/

Kindergartners’ tsunami deaths hearing begins

Kyodo

Oral proceedings started Friday at the Sendai High Court in an appeal filed by a school against damages it was ordered to pay in connection with the March 11, 2011, tsunami deaths of four pupils aboard one of its buses, and both sides also agreed to pursue settlement negotiations.

The privately run Hiyori kindergarten in Ishinomaki, Miyagi Prefecture, was ordered last Sept. 17 by the Sendai District Court to pay ¥177 million in redress for negligence for sending the bus through a low-lying area not long after the 9-magnitude Great East Japan Earthquake hit. Tsunami killed five pupils and a female employee of the school aboard the bus.

The bus had taken seven pupils to safe locations and, unable to find the families of the other five aboard, had been told to return to the school due to tsunami fears. The waves hit while it was stuck in traffic.

The district court ruled the deaths of the six aboard the bus resulted from the kindergarten’s misjudgment in ordering the vehicle to return to the school, which sits on a hill 23 meters above sea level. The kindergarten is currently closed.

The plaintiffs, relatives of four of the five child fatalities, initially sought ¥267 million in the district court.

The kindergarten argued Friday that “it was impossible to predict tsunami of such an unprecedented scale.” It also denied being negligent, reiterating its claim that after the temblor struck, staff were busy trying to protect the children.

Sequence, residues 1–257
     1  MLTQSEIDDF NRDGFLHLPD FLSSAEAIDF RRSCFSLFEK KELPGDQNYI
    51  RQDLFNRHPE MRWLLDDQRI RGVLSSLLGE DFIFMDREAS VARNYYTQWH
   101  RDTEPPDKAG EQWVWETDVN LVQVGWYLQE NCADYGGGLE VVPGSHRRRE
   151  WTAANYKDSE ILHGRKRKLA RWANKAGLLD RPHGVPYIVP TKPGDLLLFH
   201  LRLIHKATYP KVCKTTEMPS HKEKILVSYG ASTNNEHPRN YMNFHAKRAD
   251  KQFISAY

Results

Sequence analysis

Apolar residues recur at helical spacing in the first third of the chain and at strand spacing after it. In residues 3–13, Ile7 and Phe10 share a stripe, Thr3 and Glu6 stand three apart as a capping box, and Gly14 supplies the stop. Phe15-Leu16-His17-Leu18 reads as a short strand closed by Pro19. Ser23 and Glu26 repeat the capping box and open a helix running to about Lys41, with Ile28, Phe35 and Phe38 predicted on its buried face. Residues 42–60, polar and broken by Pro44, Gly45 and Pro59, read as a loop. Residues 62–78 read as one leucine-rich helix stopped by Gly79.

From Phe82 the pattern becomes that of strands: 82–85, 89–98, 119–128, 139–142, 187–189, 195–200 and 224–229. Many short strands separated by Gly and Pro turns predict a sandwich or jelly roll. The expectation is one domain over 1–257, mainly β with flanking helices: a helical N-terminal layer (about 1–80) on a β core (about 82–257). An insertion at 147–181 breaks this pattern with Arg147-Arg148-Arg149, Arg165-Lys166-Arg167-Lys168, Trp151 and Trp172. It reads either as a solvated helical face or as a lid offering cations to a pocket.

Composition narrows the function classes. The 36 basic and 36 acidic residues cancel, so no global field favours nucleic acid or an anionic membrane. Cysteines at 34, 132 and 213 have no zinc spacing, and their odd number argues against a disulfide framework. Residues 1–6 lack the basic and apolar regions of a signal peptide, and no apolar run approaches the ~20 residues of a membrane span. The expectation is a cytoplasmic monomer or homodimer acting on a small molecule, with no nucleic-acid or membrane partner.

The kindergarten demanded that the high court overturn the ¥177 million in damages it has been ordered to pay.

The victims’ relatives, meanwhile, demanded the court reject the school’s appeal, claiming in a statement that “the court’s decision is unjustifiable as the kindergarten is apparently trying to avoid its legal responsibility.”

“I have the impression that this will start all over,” one of the plaintiffs said after the oral proceedings.

In the lawsuit filed by relatives of the four children, the district court ruled that the kindergarten could have easily predicted that massive tsunami would strike.

According to the district court, the principal, after the quake struck, ordered the kids sent home and sent the shuttle bus carrying them toward low-lying land.

After hearing the tsunami warning, the principle ordered the bus to return to the kindergarten.

The bus, by that time caught in traffic about 700 meters from the coast, was engulfed and swept away by massive tsunami. Besides the driver, five children and a female employee were on board. The driver survived but the woman was never found.